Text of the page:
Sludge Valve Upgrades at Wastewater Treatment Plant Reduce the Number of Corrective Work Orders

One of the largest wastewater treatment plants in the world recently finished a project for upgrading its sludge valve actuators.In a wastewater treatment process, these valves drain activated sludge from a reservoir and send it to a digester where it is processed. Normal opera­tion of these valves is carried out using a manual handwheel; however, the operation is also com­monly accomplished by means of hydraulic or pneumatic actuators.

The facility maintains a log of all the cor­rective work orders that take place during a year and the sludge valve maintenance accounted for a large portion of them in the sludge processing section of the plant. Sludge often generates a lot of grit and sand, thereby hampering the mechani­cal equipment associated with transporting it. In particular, the operation of the pneumatic actua­tors was causing intermittent problems. These actuators would stick from time to time leading to poor control capabilities.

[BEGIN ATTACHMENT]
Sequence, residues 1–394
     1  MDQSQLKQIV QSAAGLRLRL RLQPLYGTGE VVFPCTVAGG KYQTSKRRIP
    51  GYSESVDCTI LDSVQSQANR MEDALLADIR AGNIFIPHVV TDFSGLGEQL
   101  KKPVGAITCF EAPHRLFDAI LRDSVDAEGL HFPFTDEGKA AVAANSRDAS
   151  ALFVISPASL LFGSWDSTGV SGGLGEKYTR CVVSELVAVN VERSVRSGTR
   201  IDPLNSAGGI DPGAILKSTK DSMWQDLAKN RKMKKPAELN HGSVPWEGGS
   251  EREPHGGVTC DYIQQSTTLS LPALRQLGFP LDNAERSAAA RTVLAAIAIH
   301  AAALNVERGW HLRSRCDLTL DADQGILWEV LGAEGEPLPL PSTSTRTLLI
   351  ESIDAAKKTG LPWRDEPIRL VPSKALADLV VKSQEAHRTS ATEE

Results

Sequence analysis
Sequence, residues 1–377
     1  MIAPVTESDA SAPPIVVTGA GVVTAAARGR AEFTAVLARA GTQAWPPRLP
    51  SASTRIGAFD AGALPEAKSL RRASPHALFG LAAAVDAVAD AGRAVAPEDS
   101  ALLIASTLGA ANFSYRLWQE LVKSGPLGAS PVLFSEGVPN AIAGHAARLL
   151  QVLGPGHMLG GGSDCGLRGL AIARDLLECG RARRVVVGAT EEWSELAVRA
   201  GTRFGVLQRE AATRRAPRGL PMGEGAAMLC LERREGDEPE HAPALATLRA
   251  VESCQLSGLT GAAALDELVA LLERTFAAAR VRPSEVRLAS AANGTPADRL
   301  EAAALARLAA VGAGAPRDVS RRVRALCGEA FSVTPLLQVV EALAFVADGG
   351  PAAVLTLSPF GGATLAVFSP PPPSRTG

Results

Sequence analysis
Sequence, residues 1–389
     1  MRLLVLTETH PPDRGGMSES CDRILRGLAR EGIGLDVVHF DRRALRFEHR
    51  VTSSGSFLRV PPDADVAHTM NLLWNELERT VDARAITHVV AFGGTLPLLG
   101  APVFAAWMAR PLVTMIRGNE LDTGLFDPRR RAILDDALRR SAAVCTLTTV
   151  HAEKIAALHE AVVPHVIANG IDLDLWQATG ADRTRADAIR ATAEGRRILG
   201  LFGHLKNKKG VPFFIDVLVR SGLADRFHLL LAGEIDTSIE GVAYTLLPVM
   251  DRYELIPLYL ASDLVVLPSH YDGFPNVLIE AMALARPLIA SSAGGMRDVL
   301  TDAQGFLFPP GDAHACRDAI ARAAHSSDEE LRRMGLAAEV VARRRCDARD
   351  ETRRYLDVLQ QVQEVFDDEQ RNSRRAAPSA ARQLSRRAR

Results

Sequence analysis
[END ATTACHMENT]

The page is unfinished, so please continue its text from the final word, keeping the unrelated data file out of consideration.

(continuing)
In an effort to reduce the number of cor­rective work orders, the pneumatic actuators were replaced with Beck actuators. Beck actuators are uniquely designed electro-mechanical devices that offer constant, precise control without the per­formance and maintenance limitations of typical actuators. After three years of service in the waste water treatment plant, the number of corrective work orders for the new Beck equipment was reduced by 95%. Figures 1-3 show direct-coupled and linkage-connected Beck actuators along with typical butterfly valves that are used in the indus­try.

Figure 1

Direct-coupled Beck

actuator on Filter

Effluent Valve

Figure 2

Linkage-Connected Beck

actuators in production

Figure 3

Linkage-connected Beck actuators on Filter